First, let’s start by talking about who won’t be to blame: Senators Mike Lee or Rand Paul. Last night Brit Hume of Fox News tweeted this:

I have been a fan of Brit Hume’s for years. But I find it astounding that Hume criticized only people like Senators Lee and Paul, who actually would repeal ObamaCare entirely if given the opportunity. If there were 535 Mike Lees in Congress, ObamaCare would have been repealed in January. Where, I wondered, was the criticism of those who voted to repeal in 2015 — but won’t now? Why blame the fiercest opponents of ObamaCare, and give a total pass to people who hypocritically voted for repeal in 2015 only because they knew Obama would veto it?

Let’s review: in 2015, there was a bill sent to Obama’s desk called the Restoring Americans’ Healthcare Freedom Reconciliation Act of 2015. It didn’t repeal every aspect of ObamaCare, but it did a lot. Exchanges: gone. Subsidies: phased out. Penalty for not getting health insurance or providing it to your employees: gone. “Cadillac tax”: gone. Medicaid expansion: phased out.

Rather than the tinkering we have seen recently, this was a real move towards repeal. It passed the Senate 52-47. But, of course, it was vetoed by Obama — and the people who voted for it knew it would be.

Now, we have a President in office who has said he would sign such a bill. Rand Paul introduced a version in January. But his bill has been stalled in committee for half a year, while Republicans have spun their wheels trying to install a big-government replacement. For the most part, their efforts have resulted in bills that would put the GOP stamp of approval on the basic structure of ObamaCare.

Why hasn’t the GOP passed the 2015 bill? Clearly, because there are people who voted for a repeal bill in 2015 who never intended that bill to become law. Yet nobody in the media has been asking who these people are. And (until now), leadership has not forced the issue.

So when the news first broke last night that the latest repeal effort was dead, I raged at the leadership and the media, for hiding the identities of those people. If I had a full-time job in Big Media (ugh), I would track down everyone who voted for the 2015 ObamaCare repeal bill to see if they’ll still vote for it.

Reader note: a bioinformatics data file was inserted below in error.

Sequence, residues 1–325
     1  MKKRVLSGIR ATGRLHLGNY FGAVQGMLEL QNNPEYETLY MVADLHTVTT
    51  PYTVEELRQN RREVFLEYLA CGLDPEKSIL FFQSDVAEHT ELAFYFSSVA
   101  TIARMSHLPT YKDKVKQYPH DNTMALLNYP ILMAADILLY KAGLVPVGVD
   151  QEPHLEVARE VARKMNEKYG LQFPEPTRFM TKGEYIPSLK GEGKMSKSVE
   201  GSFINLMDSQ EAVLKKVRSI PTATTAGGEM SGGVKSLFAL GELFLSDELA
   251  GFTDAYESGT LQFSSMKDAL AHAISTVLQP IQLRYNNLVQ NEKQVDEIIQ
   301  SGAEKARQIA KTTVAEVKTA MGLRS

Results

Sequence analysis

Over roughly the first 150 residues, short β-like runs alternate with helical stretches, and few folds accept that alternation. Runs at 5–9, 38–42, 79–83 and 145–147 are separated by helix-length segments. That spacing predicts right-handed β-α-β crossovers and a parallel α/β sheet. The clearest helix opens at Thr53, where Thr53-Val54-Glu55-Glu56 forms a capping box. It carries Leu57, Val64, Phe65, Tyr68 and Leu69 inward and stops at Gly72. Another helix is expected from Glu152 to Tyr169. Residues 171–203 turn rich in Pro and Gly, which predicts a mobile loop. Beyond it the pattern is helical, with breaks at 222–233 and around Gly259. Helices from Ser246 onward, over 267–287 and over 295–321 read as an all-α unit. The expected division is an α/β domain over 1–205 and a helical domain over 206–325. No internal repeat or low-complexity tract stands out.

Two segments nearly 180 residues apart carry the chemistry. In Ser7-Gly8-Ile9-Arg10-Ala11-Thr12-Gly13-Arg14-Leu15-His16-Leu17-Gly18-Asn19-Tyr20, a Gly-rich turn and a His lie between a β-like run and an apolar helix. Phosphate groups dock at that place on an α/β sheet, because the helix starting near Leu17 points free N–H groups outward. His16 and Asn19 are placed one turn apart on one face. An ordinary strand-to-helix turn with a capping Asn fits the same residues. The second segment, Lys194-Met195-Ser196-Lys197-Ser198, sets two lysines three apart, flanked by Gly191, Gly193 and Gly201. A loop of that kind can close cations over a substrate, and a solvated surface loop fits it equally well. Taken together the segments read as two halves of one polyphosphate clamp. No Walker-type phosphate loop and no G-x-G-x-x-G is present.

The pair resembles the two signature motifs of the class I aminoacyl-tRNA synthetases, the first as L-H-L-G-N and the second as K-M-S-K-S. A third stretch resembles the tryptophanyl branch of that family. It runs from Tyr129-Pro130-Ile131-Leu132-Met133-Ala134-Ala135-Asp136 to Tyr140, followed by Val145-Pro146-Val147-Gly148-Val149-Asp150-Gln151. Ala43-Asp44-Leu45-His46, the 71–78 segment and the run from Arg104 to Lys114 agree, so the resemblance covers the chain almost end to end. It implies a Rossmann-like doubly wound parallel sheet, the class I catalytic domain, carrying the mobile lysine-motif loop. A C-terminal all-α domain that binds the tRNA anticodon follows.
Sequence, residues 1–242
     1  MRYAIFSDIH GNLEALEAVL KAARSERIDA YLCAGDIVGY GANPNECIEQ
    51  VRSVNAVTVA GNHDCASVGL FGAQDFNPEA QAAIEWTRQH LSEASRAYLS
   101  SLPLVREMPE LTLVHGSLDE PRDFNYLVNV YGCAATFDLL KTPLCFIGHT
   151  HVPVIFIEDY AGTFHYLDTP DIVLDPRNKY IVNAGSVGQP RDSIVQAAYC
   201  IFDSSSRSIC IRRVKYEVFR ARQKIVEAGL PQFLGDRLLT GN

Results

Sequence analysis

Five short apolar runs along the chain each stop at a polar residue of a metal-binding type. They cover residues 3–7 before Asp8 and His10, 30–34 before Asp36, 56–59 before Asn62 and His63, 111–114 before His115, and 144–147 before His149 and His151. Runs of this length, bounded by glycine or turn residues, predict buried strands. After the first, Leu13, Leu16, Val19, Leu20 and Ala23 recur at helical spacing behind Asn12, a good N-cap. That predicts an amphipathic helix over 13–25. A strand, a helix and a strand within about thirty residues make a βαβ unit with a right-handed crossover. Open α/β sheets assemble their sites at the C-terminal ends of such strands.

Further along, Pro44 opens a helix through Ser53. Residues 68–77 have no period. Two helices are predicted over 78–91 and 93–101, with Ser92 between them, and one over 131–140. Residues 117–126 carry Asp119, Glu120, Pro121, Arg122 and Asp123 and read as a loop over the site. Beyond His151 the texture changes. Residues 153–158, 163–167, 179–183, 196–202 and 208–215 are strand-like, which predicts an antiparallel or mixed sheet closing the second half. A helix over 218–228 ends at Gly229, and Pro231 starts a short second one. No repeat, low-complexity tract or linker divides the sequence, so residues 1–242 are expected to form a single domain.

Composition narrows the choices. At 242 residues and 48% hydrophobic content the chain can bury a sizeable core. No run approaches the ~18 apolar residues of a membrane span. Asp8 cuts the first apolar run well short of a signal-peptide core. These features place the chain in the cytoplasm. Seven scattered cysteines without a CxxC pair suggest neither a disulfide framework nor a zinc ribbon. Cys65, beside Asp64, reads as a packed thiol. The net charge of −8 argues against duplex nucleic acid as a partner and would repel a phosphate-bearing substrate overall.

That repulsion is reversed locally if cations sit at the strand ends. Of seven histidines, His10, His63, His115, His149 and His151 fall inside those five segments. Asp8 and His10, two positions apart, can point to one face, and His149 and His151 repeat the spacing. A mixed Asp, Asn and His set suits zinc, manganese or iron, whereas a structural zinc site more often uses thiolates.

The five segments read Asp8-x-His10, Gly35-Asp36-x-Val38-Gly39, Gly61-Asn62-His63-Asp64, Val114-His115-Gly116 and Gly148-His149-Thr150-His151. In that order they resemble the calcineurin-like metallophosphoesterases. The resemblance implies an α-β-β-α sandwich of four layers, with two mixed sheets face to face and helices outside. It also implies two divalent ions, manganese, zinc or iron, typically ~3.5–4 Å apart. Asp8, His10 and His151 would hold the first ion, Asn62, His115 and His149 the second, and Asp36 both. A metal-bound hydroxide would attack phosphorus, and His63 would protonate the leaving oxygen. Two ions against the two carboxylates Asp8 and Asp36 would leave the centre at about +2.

But it seems Big Media may not have to do the work. Mitch McConnell may do it for them. Events have move quickly since Mike Lee made his announcement last night — and as reported by Joe Cunningham, Mitch McConnell has announced that some version of the 2015 bill is going to be put to a vote:

Hallelujah! This is fantastic.

If the GOP is not full of hypocrites, the bill will pass. Of the 52 people who voted for the 2015 bill, 48 are still in the Senate. (Susan Collins voted against it.) Of the four Republicans who voted for that bill in 2015 and are now gone from the Senate, three have been replaced by Republicans — Sen. Coats (replaced by Republican Todd Young), Sen. Sessions (replaced by Republican Luther Strange), and Sen. Vitter (replaced by Republican John Kennedy).

As long as those three are on board — and long as none of the 48 change their vote, the 2015 bill will easily pass again, with 51 votes.

Now, I heard you laugh when you read that phrase “[i]f the GOP is not full of hypocrites.” That’s OK. I laughed while writing it. I am frankly stunned that McConnell is bringing some version of the 2015 bill to a vote, because I think the GOP is indeed full of hypocrites. And those hypocrites don’t want to be put in the position of voting against a bill they don’t like, but voted for in 2015 because they knew it would never become law. I predict there will be a lot of pressure on McConnell to reverse course and not put the 2015 bill to a vote.

But if he does, we’ll know exactly whom to blame.

Here’s my question: if Mike Lee and Rand Paul vote for repeal, and some other senator or senators change their vote from 2015 and vote against ObamaCare repeal . . .

. . . will Brit Hume still blame Mike Lee and Rand Paul?

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